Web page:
There are a lot of folks tired of the snow and arctic temperatures many areas of the country are experiencing these days. I know I am tired of the bone-chilling cold.
And I bet there are also a lot of folks just as tired of financially focused people like myself telling them they aren’t saving enough. So by informing those folks that this week — Feb. 23 to 28 — is America Saves Week, I expect some rolled eyes or sighs. Few people like to be told the obvious, especially when they don’t think they can do anything about it.
But with saving — come on, you knew a “but” was coming — just like with cold weather, you can hate it, yet you still have to protect yourself.
Think of whatever money you can squirrel away as the mismatched gloves you had to grab during a cold spell just to make sure you had something on your hands. Your emergency fund is the hat that your mother nagged you to put on when it was cold. Your savings is the scarf you should be wrapping around your face to brace against the winds that make you feel as if you’re being slapped.
It turns out that more of you are protecting yourself financially. Compared with last year, the annual America Saves Week survey bears this out, said Stephen Brobeck, executive director of the Consumer Federation of America.
Survey participants who said they are spending less and saving the difference increased to 71 percent from 68 percent in the past year. People who said they are saving at least 5 percent of their income increased to 52 percent from 47 percent.
Some of you may be wondering if you should be saving 5 percent of your income. Is that the standard? People are always asking me what percentage of their income they should save. My answer always is, it depends.
Rather than focus on an arbitrary percentage, think about this conclusion from the survey: People who have a savings plan attached to a specific goal save more successfully.
It makes sense. If you have identified specific things you need to save for — retirement, a college fund, a down payment on a home or a car — you are more likely to watch what you spend. And you are, I hope, less likely to take on debt.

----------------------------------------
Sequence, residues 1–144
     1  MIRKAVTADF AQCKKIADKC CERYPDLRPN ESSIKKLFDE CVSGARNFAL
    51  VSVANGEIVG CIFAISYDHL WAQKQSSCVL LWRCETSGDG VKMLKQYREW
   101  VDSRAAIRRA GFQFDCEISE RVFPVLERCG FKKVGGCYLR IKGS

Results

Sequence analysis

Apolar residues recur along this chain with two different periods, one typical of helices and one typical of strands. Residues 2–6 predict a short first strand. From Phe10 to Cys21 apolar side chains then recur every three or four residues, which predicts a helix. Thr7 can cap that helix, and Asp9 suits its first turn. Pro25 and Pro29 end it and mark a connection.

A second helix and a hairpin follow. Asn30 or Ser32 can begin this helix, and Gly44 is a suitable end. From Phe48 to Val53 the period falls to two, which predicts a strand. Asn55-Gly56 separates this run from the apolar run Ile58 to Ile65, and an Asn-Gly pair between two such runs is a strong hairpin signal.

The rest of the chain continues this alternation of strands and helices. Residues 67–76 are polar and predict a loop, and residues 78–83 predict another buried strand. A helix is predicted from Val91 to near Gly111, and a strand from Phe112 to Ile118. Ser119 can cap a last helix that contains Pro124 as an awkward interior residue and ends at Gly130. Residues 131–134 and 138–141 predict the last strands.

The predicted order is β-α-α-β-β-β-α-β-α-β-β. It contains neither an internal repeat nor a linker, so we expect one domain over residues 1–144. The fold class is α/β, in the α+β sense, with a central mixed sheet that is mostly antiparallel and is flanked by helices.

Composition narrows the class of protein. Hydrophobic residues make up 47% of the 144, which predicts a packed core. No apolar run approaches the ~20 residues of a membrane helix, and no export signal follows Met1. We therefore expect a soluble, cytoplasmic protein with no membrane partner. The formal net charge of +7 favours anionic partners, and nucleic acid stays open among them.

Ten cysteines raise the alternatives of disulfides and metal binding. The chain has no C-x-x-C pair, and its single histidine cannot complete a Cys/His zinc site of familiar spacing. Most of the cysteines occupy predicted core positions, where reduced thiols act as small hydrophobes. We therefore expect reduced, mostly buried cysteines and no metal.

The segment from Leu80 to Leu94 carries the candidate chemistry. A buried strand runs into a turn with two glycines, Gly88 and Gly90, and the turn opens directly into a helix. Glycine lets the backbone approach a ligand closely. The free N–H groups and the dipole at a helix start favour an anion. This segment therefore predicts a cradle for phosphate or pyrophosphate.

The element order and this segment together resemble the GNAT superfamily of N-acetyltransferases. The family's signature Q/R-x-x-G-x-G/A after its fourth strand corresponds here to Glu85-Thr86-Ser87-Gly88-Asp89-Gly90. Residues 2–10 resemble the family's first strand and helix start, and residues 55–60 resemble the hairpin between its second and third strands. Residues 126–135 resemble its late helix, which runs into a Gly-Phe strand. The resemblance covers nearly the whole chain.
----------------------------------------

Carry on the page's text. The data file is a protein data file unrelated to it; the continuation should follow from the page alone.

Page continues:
Setting specific goals definitely has worked for me. Every time my kids ask for something, I think about how much I need to save to send them to college debt-free so they can get a good education, so they can get a job, so they can get out of my house.
This year, to help people follow the strategy of setting a savings goal, organizers of America Saves Week have come up with a contest. On the social media platform of your choice — Twitter, Facebook, Instagram, Vine or LinkedIn, for example — you submit a photo of yourself in which you use the hashtag #imsavingfor. The prize is $500. In addition to the photo, you have to fill out a short form at americasavesweek.org that asks, among other things, for your name, e-mail address and where you plan on sharing the photo. Find the form under the “For individuals” tab. You have until March 6 to enter.
America Saves Week, in conjunction with Military Saves Week, is an annual effort organized by America Saves, which is managed by the Consumer Federation of America and the American Savings Education Council. The campaigns pull in employers, nonprofit groups, government agencies, the Defense Department and financial institutions to promote the importance of saving. It’s a great endeavor, especially as we see so much of the traditional safety nets being pulled out from under so many people.
I will say this: Don’t let all the scolding about your emergency fund deficiency or debt load discourage you from saving what you can.
No matter how repetitious it sounds to encourage people to save, it’s a message we can’t get tired of hearing or passing along. About one-quarter of consumers said they have more credit card debt than emergency savings, according to Bankrate.com’s monthly Financial Security Index.
Maybe you aren’t feeling my analogy of the cold weather to having a stash of cash. Even so, my point is that savings are what you grab when things get uncomfortable financially. Whether you are making the minimum wage or a middle-income salary, you’ve got to have something — anything — set aside for a rainy or cold day.
Readers may write to Michelle Singletary at The Washington Post, 1150 15th St. NW, Washington, D.C. 20071 or firstname.lastname@example.org. To read previous Color of Money columns, go to http://wapo.st/michelle-singletary.